These recipes and many more stayed in the Thomas family for decades until one of the sons, Dwight, decided to bring the family sauce secrets to the forefront. “I started bottling Thomas Sauce commercially about 1984, but I’d been eating it since I was eight years old,” says Dwight.

Thomas Sauce is a mild all-purpose sauce that Mama Thomas and her family used on practically everything. It now comes in five sizes and people do literally buy it by the gallon (its largest size). The container for Thomas products bear wedding pictures of Mama and Papa Thomas. Thomas Sauce is still the company’s most popular offering, but many other products also have a loyal following in North Carolina and much further afield.

“Our family of products has grown over the years and we are always looking to bring out more of those kitchen closet recipes,” says Dwight. The line now includes: Thick Thomas Sauce; Mildly Hot Thomas Sauce; Thomas Marinade; Thomas Dressing; Thomas Fish Camp Tartar Sauce; Thomas Fish Camp Cocktail Sauce; Mama Thomas Pasta Sauce; Mama Thomas Marinara; and Papa Thomas Bloody Mary Mix.

Thomas Gourmet Foods
P.O. Box 8822
Greensboro, NC  27419
(800) To-Sauce
www.thoasgourmetfoods.com

Treet Yourself

In 1952, Lenwood M. King Sr., general manager of a small independent grocery store in Wilmington, was working with the owner of the store to make his recipe idea into a unique cooking barbecue sauce with just the right mix of vinegar and spices and no sugar, articfical sweetners, or tomoato products. King's son, Joe, who is now president of the company, worked in the grocery store in the late-50s, starting as a bagger and then moving on to the produce and meat departments. “Daddy would not let me work directly under him. He wanted me to pull my own weight.”

“The barbecue sauce was to be used in a concept new to grocery stores in the area at that time--barbecued chickens for takeout," explains Joe. "In the beginning, 24 chickens were barbecued. This soon grew to five cookings per day, with customers being turned away. Sunday was our biggest day. Customers would come to the store after church and buy a barbecued chicken for their Sunday main dish. One whole chicken was $1.39."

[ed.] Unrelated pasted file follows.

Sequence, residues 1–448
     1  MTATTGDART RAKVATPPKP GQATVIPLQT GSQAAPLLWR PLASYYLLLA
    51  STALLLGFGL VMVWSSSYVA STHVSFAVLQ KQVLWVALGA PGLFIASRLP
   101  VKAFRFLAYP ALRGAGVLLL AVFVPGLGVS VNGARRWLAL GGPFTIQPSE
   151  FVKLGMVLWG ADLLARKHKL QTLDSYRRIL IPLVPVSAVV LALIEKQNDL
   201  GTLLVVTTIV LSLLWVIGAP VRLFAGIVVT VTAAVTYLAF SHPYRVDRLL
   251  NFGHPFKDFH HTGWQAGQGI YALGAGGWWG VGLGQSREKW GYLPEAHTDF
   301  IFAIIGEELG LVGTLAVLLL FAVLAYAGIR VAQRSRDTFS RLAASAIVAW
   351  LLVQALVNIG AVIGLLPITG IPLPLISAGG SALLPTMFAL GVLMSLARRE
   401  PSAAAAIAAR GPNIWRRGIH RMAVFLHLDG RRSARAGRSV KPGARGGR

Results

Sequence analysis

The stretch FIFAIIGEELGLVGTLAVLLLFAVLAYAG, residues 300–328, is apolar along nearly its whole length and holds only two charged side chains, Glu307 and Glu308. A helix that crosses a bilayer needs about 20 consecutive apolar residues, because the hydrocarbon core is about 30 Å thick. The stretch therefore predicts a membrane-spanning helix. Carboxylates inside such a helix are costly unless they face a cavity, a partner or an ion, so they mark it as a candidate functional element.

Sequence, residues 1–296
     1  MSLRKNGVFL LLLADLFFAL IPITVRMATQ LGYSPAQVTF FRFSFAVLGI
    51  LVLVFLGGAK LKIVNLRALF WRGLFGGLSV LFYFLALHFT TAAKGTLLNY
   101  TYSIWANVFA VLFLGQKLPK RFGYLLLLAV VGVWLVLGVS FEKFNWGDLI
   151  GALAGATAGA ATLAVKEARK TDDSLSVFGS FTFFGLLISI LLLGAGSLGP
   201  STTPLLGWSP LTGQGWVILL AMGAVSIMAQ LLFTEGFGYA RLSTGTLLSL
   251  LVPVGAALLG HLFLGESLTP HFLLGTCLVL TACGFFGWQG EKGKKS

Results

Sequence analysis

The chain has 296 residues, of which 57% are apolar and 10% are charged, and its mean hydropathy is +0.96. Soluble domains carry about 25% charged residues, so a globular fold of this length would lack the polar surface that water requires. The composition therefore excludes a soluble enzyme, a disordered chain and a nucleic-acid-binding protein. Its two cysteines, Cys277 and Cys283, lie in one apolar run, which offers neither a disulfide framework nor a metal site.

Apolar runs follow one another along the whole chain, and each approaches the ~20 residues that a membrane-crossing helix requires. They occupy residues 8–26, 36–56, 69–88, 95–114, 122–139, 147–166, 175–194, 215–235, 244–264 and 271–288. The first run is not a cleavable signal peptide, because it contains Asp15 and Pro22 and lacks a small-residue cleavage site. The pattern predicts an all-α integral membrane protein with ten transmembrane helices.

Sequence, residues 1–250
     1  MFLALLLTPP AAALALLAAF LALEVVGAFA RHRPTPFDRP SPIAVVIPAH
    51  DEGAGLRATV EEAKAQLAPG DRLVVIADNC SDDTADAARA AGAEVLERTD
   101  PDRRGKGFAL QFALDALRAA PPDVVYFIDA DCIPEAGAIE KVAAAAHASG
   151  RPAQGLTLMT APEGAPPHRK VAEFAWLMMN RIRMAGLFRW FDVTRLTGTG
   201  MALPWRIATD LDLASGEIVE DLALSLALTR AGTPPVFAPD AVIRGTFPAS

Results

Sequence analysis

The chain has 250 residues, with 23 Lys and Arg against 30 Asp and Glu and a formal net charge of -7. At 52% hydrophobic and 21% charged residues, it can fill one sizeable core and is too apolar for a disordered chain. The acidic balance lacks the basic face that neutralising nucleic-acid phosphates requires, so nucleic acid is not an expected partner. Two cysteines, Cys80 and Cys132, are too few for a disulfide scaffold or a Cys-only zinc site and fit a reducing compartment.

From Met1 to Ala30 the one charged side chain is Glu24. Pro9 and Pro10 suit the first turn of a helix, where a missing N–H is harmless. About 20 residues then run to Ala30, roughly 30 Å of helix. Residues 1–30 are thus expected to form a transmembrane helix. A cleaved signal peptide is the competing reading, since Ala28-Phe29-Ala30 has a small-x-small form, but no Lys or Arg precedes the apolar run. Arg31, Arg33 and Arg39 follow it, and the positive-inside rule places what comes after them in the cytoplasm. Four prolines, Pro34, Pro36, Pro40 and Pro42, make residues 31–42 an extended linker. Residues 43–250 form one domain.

Many customers started asking if they could buy the sauce separately, and a retail size of Carolina Treet Barbecue Sauce was created for consumers later that year. The sauce continued to develop it’s own following and King acquired the brand in 1960.  It’s been in the King family ever since, with Joe's brother, Lenwood King Jr. joining the company in 1991 as vice-president of sales and marketing.

“We take pride in being able to compete with the national companies whose resources are extensive,” says Joe. “While our retail distribution is limited to the southeastern U.S., we do ship Carolina Treet to the rest of the nation, as well as many foreign countries.”

Joe says wheat flour is one of the unique ingredients in Carolina Treet. Because of the flour, Carolina Treet is meant to be cooked on the meat, poultry, or fish that’s being used. When cooked, the sauce’s distinctive flavor is greatly enhanced.

Along with the original Carolina Treet, the company now produces Hickory Smoke Carolina Treet Barbecue Sauce, Big Moe’s Barbecue Sauce (vinegar, sugar, red pepper, mustard, garlic, onions, hot sauce, smoke flavor, Worcestershire sauce, and more), South Carolina Style Barbecue Sauce (vinegar, mustard, sugar, and spices for south of the border barbecue souls), and even a popular line of Aunt Bertie’s Concentrated Iced Teas (which sure do go with some “Carolina Treeted” barbecue!).

Carolina Treet, Inc.
P.O. Box 1017
Wilmington, NC  28402
(800) 616-6344
www.carolinatreet.com

The Un-Ketchup

Tar Heels know that "cackalacky" is a regional colloquialism for the Carolinas.  So when H. Page Skelton first started making sauce for his friends, they simply named it the, “sauce from Cackalacky,” and the name stuck.